POW/MIA Day is Every Day
War, by its very nature, is ugly. That’s been shown time and again in photos of destruction and casualties and videos of grieving families and funerals. What we don’t often see are the anxious, unsure families of those who are unaccounted for, those service members who are prisoners of war (POW) or missing in action (MIA). Those families have agonizing questions, often without clear answers, about the status and condition of their loved ones.
While we may not be able to answer all their questions, we can show these families that we care about those who are POW/MIA. One of the ways that we do this is through annual remembrances. We take time on the third Friday of September each year to recognize those who may be gone, but are in no way forgotten. A grateful nation and their family members recognize these service members through POW/MIA Day ceremonies around the world.
This year the Department of Defense recognizes the 50th anniversary of the Vietnam War. Fittingly, the guided-missile destroyers USS Stockdale (DDG 106) and USS William P. Lawrence (DDG 110), both named in honor of POWs who served with exemplary courage and honor during their captivity in North Vietnam, hosted a POW/MIA Day ceremony at Naval Base San Diego today.
The guest speaker was retired U.S. Navy Cmdr. Everett Alvarez, Jr., former POW and recipient of multiple awards including the Silver Star, two Legions of Merit, two Bronze Stars, the Distinguished Flying Cross and two Purple Hearts. Alvarez was the first U.S. pilot to be downed and detained during the Vietnam War and spent more than eight years in captivity; making him the
second longest-held American POW, after U.S. Army Col. Floyd James Thompson.
Alvarez spoke to the audience, which consisted of more than 20 former POWs and their families, senior waterfront leadership, and Sailors from the Stockdale and Lawrence, aboutt his POW experience and how it was great leadership from people like fellow POWs Vice Adm. William P. Lawrence, then a commander, and Vice Adm. James B. Stockdale, also then a commander, who helped keep the will to live alive amongst fellow captives. Lawrence and Stockdale helped create and apply POW guidelines for maintaining a pattern of resistance – one that strengthened their resolve to resist their captors’ demands, no matter how much torture or abuse they endured.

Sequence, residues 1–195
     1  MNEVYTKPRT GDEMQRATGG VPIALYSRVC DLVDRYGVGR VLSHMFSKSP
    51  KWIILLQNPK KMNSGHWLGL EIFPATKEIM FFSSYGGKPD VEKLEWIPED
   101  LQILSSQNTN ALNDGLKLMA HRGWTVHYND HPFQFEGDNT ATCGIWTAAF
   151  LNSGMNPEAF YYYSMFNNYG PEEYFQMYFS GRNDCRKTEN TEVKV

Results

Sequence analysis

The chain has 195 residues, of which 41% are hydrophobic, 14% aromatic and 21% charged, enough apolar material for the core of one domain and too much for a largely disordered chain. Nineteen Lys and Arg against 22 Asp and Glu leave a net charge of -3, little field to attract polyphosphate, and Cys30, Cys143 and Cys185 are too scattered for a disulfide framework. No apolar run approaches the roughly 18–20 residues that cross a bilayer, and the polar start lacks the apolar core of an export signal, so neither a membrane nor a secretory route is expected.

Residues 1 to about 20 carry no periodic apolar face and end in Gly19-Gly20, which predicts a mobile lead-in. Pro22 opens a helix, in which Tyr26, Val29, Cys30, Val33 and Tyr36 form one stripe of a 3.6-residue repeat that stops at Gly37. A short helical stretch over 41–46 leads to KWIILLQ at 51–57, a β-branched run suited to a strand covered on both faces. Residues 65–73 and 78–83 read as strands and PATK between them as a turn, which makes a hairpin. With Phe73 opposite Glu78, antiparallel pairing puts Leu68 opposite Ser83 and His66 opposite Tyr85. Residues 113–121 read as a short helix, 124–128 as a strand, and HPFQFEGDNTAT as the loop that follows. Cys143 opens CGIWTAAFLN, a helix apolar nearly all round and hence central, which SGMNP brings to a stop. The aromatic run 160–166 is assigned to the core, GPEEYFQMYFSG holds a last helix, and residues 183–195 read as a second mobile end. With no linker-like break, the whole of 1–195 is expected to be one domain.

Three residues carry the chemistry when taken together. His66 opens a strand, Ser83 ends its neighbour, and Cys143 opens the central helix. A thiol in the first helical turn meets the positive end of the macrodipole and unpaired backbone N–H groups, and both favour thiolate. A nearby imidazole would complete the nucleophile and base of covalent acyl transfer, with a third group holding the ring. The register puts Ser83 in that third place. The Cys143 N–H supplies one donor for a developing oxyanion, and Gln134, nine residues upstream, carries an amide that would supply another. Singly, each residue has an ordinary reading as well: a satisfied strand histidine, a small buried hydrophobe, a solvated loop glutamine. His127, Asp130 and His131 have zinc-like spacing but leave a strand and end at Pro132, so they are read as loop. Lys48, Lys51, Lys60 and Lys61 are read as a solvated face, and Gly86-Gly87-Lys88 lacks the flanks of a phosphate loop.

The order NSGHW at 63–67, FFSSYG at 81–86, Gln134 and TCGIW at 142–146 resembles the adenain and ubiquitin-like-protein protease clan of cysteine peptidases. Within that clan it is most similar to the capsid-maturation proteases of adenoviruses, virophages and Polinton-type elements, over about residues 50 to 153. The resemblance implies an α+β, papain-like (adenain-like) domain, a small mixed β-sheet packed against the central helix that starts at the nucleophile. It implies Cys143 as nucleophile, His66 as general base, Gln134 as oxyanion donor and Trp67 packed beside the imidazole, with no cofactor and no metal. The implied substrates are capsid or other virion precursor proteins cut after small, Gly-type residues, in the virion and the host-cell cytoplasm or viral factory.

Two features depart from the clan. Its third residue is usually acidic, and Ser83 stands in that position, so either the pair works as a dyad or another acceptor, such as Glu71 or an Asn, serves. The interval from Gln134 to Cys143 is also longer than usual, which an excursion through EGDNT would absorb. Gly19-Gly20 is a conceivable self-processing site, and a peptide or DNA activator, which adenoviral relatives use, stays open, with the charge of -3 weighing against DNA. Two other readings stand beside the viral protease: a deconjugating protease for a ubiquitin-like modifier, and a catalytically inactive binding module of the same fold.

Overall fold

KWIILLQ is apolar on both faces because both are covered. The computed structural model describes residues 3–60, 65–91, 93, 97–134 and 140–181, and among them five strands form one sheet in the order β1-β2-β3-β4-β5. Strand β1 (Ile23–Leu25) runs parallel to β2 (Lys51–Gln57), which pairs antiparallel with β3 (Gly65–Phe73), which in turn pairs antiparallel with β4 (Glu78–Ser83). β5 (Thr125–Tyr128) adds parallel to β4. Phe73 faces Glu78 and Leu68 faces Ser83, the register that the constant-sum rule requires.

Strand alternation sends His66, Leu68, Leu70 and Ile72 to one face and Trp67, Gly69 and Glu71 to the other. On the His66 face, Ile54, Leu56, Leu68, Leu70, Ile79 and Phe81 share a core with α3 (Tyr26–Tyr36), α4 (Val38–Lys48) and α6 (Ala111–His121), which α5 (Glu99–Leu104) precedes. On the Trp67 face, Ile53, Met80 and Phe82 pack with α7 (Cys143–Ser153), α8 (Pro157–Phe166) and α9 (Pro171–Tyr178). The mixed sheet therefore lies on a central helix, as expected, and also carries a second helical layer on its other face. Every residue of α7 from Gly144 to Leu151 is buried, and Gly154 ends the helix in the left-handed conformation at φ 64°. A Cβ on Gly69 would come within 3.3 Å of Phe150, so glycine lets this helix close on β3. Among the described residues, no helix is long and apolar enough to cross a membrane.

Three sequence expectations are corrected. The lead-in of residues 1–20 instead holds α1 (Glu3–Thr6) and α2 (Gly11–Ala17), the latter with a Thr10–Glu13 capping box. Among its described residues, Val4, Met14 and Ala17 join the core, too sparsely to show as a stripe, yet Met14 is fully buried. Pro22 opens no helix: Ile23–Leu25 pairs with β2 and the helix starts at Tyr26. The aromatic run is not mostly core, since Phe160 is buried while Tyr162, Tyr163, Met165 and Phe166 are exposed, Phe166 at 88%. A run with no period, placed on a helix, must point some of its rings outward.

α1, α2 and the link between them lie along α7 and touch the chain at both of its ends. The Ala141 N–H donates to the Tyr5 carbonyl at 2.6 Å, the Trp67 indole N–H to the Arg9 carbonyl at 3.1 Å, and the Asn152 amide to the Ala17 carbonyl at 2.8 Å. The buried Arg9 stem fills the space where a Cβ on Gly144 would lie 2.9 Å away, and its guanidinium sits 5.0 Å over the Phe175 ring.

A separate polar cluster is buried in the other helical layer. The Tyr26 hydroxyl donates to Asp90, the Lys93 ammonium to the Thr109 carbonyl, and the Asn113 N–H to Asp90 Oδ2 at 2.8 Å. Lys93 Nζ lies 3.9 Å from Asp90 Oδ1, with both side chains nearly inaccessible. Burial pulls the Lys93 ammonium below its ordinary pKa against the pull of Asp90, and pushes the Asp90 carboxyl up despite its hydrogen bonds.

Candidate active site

“[Our heroes] were ordinary guys, such as yourselves, who understood that the Vietnamese could force them to submit to their commands through torture, but it did not give us the excuse of not giving resistance,” said Alvarez. “We had to try [to resist] by making them hurt us, because we learned soon enough that compliance that is extracted by brute force is in no way as damaging to the human spirit, as that by giving in to mere threats.”
Alvarez went on to say, “Our heroes were these fellows here; ordinary guys who made the prison guards torture them for submission one day and then come back and make them start all over again, the next time and again the next. And this went on for years.”
Alvarez explained, “The ancient Greeks had a saying that, ‘Endurance is the main part of courage,’ and we made it work that way. It was necessary for our survival.”
According to the Defense Prisoner of War/Missing Personnel Office, there are still more than 83,000 Americans missing from World War II, the Korean War, the Cold War, the Vietnam War, and the 1991 Gulf War combined. So even when wars end and some POWs are repatriated, not everyone comes home. Thankfully, there are hundreds of Defense Department employees working in organizations around the world in an ongoing effort to find and bring home those missing heroes.
The ceremony ended with a fly-over by two Helicopter Sea Combat Squadron Eight (HSC-8) as a way to pay tribute to all those who are gone but not forgotten.